Once again, it is not our mandate here to come to halachik conclusions, but the basic messages of this incident need to be internalized – On the one hand, being concerned about other prohibitions at the expense of danger to life is considered “foolish piety” and not to be tolerated. On the other hand, we need to be able to distinguish between real, albeit small, concerns for life and actions with a reasonable chance of mitigating that risk, and obsessive paranoia with little efficacy.

Shabbos 113 Tying knots on Shabbos and דבר שאין מתקים.

On our Daf, we are told the generally accepted rule of Rabbi Yehuda that tying any knot which is not permanent is not a biblical transgression on shabbos.
We have seen this idea recently when the Mishna (Shabbos 111b) taught us that one is only liable for tying the type of knot tied by camel-drivers and sailors.
Rashi over there explained that this means that the knot has to last forever (presumably in the absence of human intervention), likes the knots tied to join the broken threads in the curtains of the mishkan.
The Gemara indeed verifies that this refers to the knot which ties a camel’s nose-ring in place permanently, so that the rope that it is driven with can be tied to the ring and untied as needed, as well as the knot tied with a rope to a ship through which ropes can be tied in to order to anchor it.
In contrast, the knots made to tie the anchor-ropes to the knot-rope or the rope to the camel’s nose-ring are not regarded as permanent knots. These are rabbinically forbidden, for reasons given later in the sugya.
On this basis, the Gemara allows tying shoelaces on shabbos under certain circumstances, and forbids them under others, and this sugya needs to be well understood before coming to any conclusions regarding doing this in practice.
Similarly, regarding the melacha of כותב (writing), the Mishna (Shabbos 104b) tells us that one is not liable if one writes with something such a fruit juice or dust that does not last.
Several questions with far-reaching ramifications needs to be addressed, among them:

  • What is the reason for this requirement?
  • Is this requirement for the effects of a melacha to be permanent, or at least long-lasting, limited to the מלאכות where it is mentioned explicitly by Chazal, like writing and tying knots, or is a general rule for all melachot of Shabbos.
  • How long does the effect of the action have to last in order for it to be considered permanent?
    One might argue that having a permanent affect is part of the general rule that an action has to be מלאכת מחשבת, significant and calculated work, and something whose affect is merely temporary is not significant enough to fall into that category.
    On the other hand, one might argue that the way these particular מלאכות were performed in the mishkan were in ways that were permanent, and we derive this rule directly from that, not from the general rule of מלאכת מחשבת. This seems to be the approach that Rashi has taken here regarding regarding tying nots.
    This approach seems logical, given that there are many מלאכות, such as plowing a furrow or baking bread, whose affects are clearly not permanent- for example a furrow is filled in by blowing dust or destroyed by rain or people who walk over it, and a loaf of bread goes rotten and inedible on its own after a few days.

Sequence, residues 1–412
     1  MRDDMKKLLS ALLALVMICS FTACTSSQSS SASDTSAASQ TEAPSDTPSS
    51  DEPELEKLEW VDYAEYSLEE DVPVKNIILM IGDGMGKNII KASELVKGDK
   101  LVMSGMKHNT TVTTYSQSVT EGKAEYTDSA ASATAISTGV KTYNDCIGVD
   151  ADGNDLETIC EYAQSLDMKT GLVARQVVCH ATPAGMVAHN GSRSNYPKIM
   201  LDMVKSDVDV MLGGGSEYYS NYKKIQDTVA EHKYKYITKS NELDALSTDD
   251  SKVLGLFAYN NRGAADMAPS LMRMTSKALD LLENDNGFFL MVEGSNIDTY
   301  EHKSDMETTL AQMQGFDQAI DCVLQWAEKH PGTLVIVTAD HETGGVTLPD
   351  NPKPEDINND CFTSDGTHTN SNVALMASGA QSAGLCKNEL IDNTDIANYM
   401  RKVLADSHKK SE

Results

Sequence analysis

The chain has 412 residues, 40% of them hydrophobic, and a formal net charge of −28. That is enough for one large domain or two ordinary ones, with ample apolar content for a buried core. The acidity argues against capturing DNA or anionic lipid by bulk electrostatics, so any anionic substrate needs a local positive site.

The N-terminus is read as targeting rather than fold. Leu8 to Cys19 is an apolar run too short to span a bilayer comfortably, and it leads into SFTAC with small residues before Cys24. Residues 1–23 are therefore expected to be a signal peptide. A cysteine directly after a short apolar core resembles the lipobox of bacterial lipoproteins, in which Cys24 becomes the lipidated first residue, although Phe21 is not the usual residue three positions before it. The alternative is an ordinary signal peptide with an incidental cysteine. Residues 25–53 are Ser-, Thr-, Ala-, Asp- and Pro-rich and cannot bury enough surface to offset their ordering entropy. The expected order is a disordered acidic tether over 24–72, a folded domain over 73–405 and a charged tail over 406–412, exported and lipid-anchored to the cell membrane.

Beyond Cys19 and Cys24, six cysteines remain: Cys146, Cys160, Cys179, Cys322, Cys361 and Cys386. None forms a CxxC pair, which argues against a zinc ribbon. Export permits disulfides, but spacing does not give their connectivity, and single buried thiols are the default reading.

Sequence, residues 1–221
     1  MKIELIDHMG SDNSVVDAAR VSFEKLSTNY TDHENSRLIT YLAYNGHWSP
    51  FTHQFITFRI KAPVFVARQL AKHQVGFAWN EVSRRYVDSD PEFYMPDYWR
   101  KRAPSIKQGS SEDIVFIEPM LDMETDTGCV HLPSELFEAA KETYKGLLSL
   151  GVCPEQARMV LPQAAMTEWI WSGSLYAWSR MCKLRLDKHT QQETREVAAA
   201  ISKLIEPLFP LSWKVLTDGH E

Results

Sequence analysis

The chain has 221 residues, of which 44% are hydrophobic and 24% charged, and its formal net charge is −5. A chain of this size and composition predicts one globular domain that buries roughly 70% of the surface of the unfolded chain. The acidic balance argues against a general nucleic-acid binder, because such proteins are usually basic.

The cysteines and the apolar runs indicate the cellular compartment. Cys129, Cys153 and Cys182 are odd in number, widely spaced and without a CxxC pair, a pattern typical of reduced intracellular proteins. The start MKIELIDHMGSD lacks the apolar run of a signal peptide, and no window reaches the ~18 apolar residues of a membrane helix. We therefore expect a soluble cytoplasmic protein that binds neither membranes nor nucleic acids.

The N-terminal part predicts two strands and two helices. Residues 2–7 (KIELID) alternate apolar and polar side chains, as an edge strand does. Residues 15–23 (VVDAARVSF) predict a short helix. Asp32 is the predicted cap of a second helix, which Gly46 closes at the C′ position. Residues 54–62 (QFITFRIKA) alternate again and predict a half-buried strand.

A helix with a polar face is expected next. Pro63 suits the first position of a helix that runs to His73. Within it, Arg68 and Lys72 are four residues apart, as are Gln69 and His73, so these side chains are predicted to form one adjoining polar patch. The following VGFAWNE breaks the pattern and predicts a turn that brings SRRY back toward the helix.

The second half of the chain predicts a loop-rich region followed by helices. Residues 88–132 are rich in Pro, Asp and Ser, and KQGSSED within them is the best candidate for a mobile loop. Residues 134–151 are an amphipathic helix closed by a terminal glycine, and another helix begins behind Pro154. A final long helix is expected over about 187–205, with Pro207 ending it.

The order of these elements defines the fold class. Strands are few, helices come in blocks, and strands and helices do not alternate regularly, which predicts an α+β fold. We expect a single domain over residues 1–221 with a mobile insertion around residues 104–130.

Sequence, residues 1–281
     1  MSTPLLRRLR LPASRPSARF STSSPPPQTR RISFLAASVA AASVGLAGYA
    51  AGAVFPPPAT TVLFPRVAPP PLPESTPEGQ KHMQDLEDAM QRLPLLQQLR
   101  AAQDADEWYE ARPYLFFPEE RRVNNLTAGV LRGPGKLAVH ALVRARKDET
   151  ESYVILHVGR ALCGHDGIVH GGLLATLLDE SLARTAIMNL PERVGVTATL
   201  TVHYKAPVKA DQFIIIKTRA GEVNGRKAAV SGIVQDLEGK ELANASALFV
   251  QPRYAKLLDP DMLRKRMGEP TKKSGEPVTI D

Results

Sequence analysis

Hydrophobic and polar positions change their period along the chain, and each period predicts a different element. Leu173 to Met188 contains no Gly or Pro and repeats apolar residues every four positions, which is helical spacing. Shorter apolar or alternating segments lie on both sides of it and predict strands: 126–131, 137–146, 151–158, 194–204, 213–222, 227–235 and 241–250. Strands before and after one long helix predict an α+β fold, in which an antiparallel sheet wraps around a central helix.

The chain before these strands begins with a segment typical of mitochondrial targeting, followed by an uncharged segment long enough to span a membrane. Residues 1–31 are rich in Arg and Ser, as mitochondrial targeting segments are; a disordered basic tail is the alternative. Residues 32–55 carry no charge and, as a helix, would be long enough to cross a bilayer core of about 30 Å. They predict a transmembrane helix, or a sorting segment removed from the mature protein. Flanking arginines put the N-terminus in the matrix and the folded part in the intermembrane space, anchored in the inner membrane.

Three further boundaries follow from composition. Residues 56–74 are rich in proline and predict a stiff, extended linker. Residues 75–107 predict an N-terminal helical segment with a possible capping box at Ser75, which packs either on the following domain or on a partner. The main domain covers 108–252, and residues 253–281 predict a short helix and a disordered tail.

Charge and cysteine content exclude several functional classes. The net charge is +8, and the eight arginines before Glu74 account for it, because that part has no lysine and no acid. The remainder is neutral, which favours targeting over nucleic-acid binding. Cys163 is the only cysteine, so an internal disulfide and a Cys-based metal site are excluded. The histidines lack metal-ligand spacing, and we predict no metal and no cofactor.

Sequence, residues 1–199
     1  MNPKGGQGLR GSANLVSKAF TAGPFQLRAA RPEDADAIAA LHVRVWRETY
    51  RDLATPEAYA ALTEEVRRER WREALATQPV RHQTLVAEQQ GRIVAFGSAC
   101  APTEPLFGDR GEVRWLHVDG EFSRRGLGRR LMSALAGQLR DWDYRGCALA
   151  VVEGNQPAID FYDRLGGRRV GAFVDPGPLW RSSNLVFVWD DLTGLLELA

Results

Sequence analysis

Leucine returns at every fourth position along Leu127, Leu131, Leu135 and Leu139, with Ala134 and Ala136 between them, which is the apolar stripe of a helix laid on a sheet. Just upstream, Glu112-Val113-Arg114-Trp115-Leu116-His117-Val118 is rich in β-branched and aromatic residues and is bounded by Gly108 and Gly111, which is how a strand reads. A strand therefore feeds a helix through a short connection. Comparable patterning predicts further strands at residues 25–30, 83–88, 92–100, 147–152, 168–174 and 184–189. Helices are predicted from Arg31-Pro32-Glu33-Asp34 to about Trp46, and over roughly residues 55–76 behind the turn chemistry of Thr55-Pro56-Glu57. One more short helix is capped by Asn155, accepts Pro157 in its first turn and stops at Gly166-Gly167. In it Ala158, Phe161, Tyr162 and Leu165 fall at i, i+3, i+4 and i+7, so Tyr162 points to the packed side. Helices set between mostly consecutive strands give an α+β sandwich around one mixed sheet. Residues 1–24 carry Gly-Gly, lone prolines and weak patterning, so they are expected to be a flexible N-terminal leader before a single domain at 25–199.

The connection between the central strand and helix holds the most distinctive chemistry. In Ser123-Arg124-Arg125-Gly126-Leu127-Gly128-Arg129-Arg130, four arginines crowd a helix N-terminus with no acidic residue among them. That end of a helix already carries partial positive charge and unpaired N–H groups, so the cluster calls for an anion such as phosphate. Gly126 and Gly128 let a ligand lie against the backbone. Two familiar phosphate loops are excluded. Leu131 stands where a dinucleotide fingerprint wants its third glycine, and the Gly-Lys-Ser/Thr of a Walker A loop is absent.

However, the Magid Mishna (Shabbos 11\15) says explicitly that this is a general rule that applies to ALL מלאכות.
    According to this, one would perhaps need to accept this as a general rule but admit that when a melacha was specifically done in the Mishkan without permanent affects , like in the above two examples, there would be an exception to this rule.
    Alternatively, one would need to limit the definition of “permanent” to the time that these two examples and other like them generally last for- perhaps a week or so (is the lechem hapanim perhaps a precedent for this?)
    In truth, even Rashi who has no need to limit the definition of permanent and clearly has not done so on the Mishna, does seem to understand that the reason why there is still a rabbinical prohibition on tying the rope to the boat or the camel’s ring is because one might leave it there “a week or two.”
    There, Rashi too seems to imply that leaving it there a week or two would be a biblical transgression, and Chazal thus forbade tying it even for a short time in case one comes to do so.
    This apparent contradiction in Rashi requires its own analysis, but we unfortunately do not have time for that now.
    The key to the question of whether the requirement for permanence, whatever it means, applies to all מלאכות, probably lies in an earlier Mishna.
    The Mishna (Shabbos 102) tells us that in order to be liable for a melacha on Shabbos, it has to be דבר המתקים, something that lasts.
    In the somewhat cryptic words words of the Mishna זה הכלל כל העושה מלאכה ומלאכתו מתקיימת בשבת חייב- This is the rule, anyone who does a melacha and his melacha endures on Shabbos, is liable.
    This is the simple meaning of the Mishna, and the way the above-cited Magid Mishna, and possibly the Rambam himself, as we shall discuss later, interprets it.
    In fact, the Yerushalmi, as quoted by the Rashba and the Ritva, also seems to have learnt it that way, as it explains that the construction of the mishkan was considered permanent seeing as it stayed in one place until the divine command to move was given, or that building for a certain period (בנין לשעה) is also considered building.